What changed with the beginning of the war in Ukraine is that more Chechens from the diaspora saw in it a real opportunity to settle scores with Russia, resulting in a growing number of volunteers supporting Kiyv. These volunteers are very active in making political statements and circulating them via social media. In their statements, they explain they came to help Ukrainian forces break the Russian regime, which would then contribute to Chechen liberation. Moreover, they argue that they are taking steps to renew actual fighting for Chechnya. Accordingly, they divided Chechnya on paper into military sectors to start “taking control over the territory when the time is right.” Similar statements were made by some Chechen exiled politicians who visited Kyiv to express support and ensure future connections with Ukraine.
The development of this scenario is not totally unrealistic, especially after Ukraine’s parliament recognized Chechnya as a territory temporarily occupied by Russia. The result of the war and any success in bringing accountability to the Russian regime for its crimes would be supported by this Chechen segment, which in turn would bolster the Chechen claim for independence. However, are Chechens in Chechnya ready to rebel and interested in independence?
Assessing the Possibility of Rebellion at Home
Historically, from the nineteenth century, when Chechnya was conquered and incorporated into Russia, Chechens never gave up on their attempts to regain their freedom. As Robert Schaefer in his book The Insurgency in Chechnya and the North Caucasus (2010) claims, years and decades could pass witnessing the Russian state and the Chechen nation cohabitating peacefully, and yet, once the opportunity to claim independence would arise, the Chechens would never miss it. This pattern of behavior is observable even from well-known historical facts. Since the end of the Caucasian War in the nineteenth century, the Chechens tried to regain their independence at least three times: after the Russian revolution and Bolshevik coup in 1917, with the beginning of World War II, and with the collapse of the Soviet Union.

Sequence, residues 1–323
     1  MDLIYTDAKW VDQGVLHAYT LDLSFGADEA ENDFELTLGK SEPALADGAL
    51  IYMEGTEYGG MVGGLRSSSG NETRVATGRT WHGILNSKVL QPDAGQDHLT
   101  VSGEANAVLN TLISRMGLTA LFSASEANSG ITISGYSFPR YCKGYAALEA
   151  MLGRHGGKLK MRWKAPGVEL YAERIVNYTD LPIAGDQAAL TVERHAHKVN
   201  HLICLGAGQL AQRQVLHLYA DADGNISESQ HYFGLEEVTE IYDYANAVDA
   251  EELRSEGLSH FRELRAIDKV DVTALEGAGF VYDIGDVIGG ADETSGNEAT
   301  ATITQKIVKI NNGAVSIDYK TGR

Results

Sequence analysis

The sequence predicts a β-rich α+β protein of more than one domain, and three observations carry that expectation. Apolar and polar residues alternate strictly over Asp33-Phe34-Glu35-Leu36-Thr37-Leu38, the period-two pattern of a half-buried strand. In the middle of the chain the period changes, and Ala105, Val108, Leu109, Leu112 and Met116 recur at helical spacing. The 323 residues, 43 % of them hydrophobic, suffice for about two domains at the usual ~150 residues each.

Is the war in Ukraine really of the same or similar magnitude, giving some Chechens real hope to fulfill their dream? Probably not, but it has the potential to, in which case Chechens might have a real opportunity again. Would they miss it? Probably not. Will it be successful? It is questionable because a) a significant portion of the Chechen population either supports Russia or does not want a repetition of the recent wars, b) the resistance and pro-independence movement of the Chechens became deeply fragmented and somewhat unpopular due to inner disagreements, c) Kadyrov has built a menacing force that has managed to cow the population into submission.
However, the recent memory of humiliation at the hands of Russian troops, let alone the trauma of the Deportation in 1944, has pushed for the idea of separation and promoted resistance to the current pro-Russian regime. The rebellion of Chechnya would be much more probable if defeat in Ukraine would provoke changes within Russia itself.